Amelia: EXTREMELY.  When I take on a project, I want to make sure it’s in the best possible shape before an editor sees it.  Selling books is hard – I don’t want to give an editor any excuse not to want to take on the project.  All of my projects have required some revision, and some projects I approach potential clients about writing, so I have a pretty big hand in building the proposal.  If you want an agent who’ll submit your projects as-is (and there are agents who are happy to do so!), I’m not the right agent for you.

CM: Can you share a client success story, from their query/introduction to you all the way to publication? 
Amelia: I read a query last spring that completely hooked me; the premise, the voice, the characters, all of it.  I requested the full manuscript within a couple of hours of receiving the query, then devoured the manuscript within a few days and offered representation.  The author received an offer from another agent as well but ultimately picked me!  After a couple of revisions, we went on submission a little over a month later and had an offer in hand about a week after that.  I’m so enormously proud of my client, Alexene Farol Follmuth, and so excited for her YA debut, MY MECHANICAL ROMANCE, to publish with Holiday House next year.

CM: What is a common myth about agents?  
Amelia: I think there’s this idea that agents are talentless, parasitic gatekeepers who enjoy crushing writers’ dreams, and I think every agent has received at least one email from a rejected querier saying as much.  But the truth is this: We work for our clients.  We work very hard to be good at what we do.  And we hate sending rejections, but we send them 1) hoping you’ll find the perfect match for your project, and 2) knowing it’s helpful for you to know when it isn’t us.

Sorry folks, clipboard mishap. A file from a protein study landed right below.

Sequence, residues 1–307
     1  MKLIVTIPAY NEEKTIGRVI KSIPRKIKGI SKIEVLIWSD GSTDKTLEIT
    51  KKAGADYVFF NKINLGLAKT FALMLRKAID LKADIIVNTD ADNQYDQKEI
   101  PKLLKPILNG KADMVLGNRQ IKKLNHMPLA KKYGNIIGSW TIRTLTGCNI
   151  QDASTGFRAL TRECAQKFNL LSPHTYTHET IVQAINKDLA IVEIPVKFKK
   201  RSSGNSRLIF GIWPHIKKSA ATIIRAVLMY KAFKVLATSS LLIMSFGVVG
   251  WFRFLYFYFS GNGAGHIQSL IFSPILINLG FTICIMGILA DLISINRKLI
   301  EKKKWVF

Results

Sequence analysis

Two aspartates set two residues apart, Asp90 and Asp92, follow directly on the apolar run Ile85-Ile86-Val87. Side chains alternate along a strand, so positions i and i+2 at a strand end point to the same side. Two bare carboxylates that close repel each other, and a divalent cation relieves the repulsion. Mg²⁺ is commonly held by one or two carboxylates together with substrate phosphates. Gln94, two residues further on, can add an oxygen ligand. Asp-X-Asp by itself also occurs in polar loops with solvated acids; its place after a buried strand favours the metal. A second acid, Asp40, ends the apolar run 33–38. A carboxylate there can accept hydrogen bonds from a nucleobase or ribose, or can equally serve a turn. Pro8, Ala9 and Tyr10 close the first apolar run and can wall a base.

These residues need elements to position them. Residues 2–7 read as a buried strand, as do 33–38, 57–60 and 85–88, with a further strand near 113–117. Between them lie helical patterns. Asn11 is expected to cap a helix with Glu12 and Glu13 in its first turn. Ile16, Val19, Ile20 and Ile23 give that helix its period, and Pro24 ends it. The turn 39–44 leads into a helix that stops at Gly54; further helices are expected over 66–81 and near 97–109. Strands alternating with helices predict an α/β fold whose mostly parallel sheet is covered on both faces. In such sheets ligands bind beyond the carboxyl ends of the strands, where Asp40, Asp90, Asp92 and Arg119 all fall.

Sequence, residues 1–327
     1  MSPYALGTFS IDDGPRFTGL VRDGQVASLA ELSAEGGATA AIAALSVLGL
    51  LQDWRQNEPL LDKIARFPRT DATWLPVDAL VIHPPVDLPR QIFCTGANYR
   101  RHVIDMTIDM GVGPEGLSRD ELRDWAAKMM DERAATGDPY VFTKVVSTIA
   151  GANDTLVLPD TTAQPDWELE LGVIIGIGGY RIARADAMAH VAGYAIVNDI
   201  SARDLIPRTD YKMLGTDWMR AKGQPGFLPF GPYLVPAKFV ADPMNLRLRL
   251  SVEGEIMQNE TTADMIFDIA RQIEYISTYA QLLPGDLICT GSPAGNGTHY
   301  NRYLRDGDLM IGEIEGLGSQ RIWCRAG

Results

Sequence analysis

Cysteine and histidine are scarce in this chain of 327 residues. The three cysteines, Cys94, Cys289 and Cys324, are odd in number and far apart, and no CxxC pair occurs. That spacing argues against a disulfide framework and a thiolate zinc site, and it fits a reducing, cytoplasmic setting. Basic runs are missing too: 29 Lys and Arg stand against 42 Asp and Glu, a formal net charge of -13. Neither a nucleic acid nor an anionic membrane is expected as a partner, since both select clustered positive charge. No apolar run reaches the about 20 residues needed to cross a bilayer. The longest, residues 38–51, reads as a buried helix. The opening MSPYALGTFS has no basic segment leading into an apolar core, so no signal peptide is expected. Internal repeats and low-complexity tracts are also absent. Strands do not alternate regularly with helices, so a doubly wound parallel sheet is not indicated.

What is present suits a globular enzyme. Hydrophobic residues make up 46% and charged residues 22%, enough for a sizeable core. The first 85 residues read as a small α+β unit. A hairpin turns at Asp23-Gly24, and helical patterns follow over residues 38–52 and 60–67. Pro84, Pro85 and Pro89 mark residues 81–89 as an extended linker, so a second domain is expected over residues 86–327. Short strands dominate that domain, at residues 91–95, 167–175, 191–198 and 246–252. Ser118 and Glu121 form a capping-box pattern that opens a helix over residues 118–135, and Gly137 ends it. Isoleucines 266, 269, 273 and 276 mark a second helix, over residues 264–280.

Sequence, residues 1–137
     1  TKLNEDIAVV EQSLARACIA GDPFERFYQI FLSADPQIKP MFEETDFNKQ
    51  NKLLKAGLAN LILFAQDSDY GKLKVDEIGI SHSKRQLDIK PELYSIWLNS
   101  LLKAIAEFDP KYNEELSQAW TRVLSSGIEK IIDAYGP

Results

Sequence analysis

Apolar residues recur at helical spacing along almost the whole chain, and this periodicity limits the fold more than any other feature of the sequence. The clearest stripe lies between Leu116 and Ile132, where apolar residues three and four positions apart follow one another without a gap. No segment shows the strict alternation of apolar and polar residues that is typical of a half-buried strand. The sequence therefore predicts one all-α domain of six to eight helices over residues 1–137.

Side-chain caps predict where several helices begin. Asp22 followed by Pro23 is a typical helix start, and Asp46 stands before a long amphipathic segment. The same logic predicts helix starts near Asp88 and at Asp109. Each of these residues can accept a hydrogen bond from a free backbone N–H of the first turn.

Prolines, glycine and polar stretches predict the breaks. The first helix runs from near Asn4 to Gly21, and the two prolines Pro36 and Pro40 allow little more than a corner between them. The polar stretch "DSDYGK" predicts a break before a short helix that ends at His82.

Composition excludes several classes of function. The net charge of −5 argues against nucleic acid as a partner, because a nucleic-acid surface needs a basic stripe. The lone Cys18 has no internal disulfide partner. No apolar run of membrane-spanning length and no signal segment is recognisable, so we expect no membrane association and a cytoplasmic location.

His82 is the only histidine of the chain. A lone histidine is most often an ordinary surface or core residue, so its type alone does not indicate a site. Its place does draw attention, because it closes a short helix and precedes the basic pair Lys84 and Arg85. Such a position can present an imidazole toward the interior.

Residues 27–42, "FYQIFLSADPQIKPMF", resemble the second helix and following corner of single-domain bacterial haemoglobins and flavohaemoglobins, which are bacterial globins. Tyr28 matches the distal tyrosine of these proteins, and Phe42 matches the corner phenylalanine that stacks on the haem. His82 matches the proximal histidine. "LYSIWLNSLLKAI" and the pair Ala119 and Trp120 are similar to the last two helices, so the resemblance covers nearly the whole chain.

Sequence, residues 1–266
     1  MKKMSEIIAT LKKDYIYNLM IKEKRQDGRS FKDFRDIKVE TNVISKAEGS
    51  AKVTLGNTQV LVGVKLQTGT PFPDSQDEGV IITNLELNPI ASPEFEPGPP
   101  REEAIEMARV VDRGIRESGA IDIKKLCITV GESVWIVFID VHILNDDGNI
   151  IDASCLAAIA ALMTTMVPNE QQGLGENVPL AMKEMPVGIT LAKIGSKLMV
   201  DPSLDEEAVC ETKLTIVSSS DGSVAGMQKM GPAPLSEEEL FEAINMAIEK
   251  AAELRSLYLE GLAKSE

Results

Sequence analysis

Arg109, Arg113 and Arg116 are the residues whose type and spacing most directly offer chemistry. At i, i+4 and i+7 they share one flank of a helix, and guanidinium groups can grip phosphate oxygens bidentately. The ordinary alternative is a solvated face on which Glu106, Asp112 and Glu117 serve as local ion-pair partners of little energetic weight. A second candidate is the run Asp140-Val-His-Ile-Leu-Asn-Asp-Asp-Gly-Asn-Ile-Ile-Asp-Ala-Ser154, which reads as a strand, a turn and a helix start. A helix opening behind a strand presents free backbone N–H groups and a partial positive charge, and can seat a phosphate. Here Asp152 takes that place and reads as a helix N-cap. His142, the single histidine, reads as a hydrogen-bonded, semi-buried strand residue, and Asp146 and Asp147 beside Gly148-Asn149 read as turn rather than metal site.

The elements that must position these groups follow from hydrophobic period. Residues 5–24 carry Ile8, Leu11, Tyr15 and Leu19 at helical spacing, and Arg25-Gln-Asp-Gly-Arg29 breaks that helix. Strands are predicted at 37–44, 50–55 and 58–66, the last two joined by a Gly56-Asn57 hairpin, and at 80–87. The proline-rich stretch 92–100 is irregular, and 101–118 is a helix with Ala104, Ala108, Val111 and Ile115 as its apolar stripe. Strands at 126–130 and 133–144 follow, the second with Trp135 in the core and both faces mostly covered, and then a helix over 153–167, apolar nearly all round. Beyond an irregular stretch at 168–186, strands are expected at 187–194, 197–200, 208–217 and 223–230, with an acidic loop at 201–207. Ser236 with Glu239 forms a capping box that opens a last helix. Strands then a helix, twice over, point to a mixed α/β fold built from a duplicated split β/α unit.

Wish List

Genres/sub-genres you’re looking for:
  • For adult fiction, she is most interested in literary fiction, mystery, thriller, upmarket women's fiction, and horror. 
  • For adult non-fiction, she is primarily looking for creative non-fiction, humor, sports, how-to, pop culture, and true crime. 
  • For YA, she is particularly interested in stories with a savvy protagonist and a slightly dark tone that deal with serious coming-of-age issues well.
    What you’re not interested in:
    • Romance novels
    • Memoir

    2 Client Examples
    (This list includes affiliate links)
    Page Street Kids - 2021
    Rowman & Littlefield Publishers - 2020

    Query Tips

    Please provide a couple of tips for querying authors.

    • Address the agent politely by name and include why you queried them specifically; 
    • Follow their submission guidelines (these are often found on the agency website); 
    • Let every agent considering your project know when you have an offer of representation.
      • Be rude or self-deprecating in your query; 
      • Send your query without making sure you’re sending it to the right person; 
      • Ask an agent who’s passed to give you more information (we do not have the time to do this with every query) or try to convince them to change their mind (it won’t help your case and will dissuade them from wanting to consider working with you on future projects).

        Submission Guidelines:
        Please send an email with QUERY and the manuscript title in the email's subject line. In the body of the email, please paste your query letter, the first ten pages of the manuscript, a full synopsis, and an author bio.